Archaeological Journal/Volume 7/Discovery of Ancient Ornaments at Largo, Fifeshire

From Wikisource
Jump to navigation Jump to search
4099436Archaeological Journal, Volume 7 — Discovery of Ancient Ornaments at Largo, Fifeshire1850


In the Notice of the valuable deposit found in a tumulus at Largo (Journal, vol. vi., p. 259), allusion was made to a tradition of treasure there concealed. Some persons, however, had questioned the fact of such popular belief, prior to the discovery. Mr. Dundas has referred us to the curious account of such a tradition, connected with the locality, and the existence of which, long before the discovery at Norrie's Law, is undeniable. The singular story may be found in the interesting collection, "Popular Rhymes of Scotland," edited by Robert Chambers. It is believed by the peasantry living near Largo Law, the mountain adjoining to the spot in question, that a rich mine of gold is therein concealed. A spectre once appeared there, supposed to be the genius of the mine, who, being accosted by a neighbouring shepherd, promised to tell him at a certain time, and on certain conditions, where the "gowd mine is in Largo Law;" especially enjoining that the horn, sounded for the housing of the cows at the adjacent farm of Balmain, should not blow. Every precaution having been taken, the ghost was true to his tryst; but unhappily, when about to divulge the desired secret, Tammie Norrie, the cowherd of Balmain, blew a blast loud and dread. Whereupon the ghost vanished, with the denunciation,—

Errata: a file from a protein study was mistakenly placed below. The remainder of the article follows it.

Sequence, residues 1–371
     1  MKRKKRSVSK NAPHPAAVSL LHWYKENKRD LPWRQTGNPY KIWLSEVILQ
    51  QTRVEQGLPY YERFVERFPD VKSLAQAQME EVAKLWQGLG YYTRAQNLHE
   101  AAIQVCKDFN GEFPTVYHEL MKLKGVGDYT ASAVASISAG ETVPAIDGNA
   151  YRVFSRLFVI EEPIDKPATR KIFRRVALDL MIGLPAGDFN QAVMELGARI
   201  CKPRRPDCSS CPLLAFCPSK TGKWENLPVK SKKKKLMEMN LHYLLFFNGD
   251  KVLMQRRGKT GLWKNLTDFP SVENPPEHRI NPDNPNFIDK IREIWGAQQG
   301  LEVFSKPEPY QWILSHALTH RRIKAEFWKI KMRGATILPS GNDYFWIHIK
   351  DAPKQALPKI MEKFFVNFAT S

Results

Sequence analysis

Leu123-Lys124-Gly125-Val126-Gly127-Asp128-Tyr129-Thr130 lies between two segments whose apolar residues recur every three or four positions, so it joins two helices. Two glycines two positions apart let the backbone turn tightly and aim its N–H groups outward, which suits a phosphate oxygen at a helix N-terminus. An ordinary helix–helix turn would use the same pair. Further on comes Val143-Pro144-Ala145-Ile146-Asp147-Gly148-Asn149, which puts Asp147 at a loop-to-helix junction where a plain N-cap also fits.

"Woe to the man that blew the horn,
For out of the spot he shall ne'er be borne!"

The unlucky horn-blower was struck dead; it was found impossible to remove the body, and a cairn of stones was raised over it. This was the supposed origin of Norrie's Law, a hillock always regarded as "not canny" by the common people. Mr. Dundas added the testimony of an aged woman, who had always lived near the spot, and to whom this obscure tradition had been known from childhood. She had, moreover, never heard of the discovery of silver objects related in this Journal. Mr. Dundas stated that he had ascertained the period when the treasure was found, to be the year 1819.